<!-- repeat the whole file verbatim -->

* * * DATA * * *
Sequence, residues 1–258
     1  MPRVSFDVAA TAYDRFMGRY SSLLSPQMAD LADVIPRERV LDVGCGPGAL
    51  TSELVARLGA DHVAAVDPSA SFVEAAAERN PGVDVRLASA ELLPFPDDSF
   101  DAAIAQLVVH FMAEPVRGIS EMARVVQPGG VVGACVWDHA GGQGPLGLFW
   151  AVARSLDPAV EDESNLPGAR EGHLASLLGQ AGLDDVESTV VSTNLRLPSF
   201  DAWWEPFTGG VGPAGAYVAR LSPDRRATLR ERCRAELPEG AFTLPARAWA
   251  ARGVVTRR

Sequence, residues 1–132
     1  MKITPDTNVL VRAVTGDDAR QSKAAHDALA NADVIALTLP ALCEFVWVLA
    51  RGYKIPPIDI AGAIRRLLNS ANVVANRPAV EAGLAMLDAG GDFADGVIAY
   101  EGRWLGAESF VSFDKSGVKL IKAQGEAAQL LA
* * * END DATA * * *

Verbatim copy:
Sequence, residues 1–258
     1  MPRVSFDVAA TAYDRFMGRY SSLLSPQMAD LADVIPRERV LDVGCGPGAL
    51  TSELVARLGA DHVAAVDPSA SFVEAAAERN PGVDVRLASA ELLPFPDDSF
   101  DAAIAQLVVH FMAEPVRGIS EMARVVQPGG VVGACVWDHA GGQGPLGLFW
   151  AVARSLDPAV EDESNLPGAR EGHLASLLGQ AGLDDVESTV VSTNLRLPSF
   201  DAWWEPFTGG VGPAGAYVAR LSPDRRATLR ERCRAELPEG AFTLPARAWA
   251  ARGVVTRR

Sequence, residues 1–132
     1  MKITPDTNVL VRAVTGDDAR QSKAAHDALA NADVIALTLP ALCEFVWVLA
    51  RGYKIPPIDI AGAIRRLLNS ANVVANRPAV EAGLAMLDAG GDFADGVIAY
   101  EGRWLGAESF VSFDKSGVKL IKAQGEAAQL LA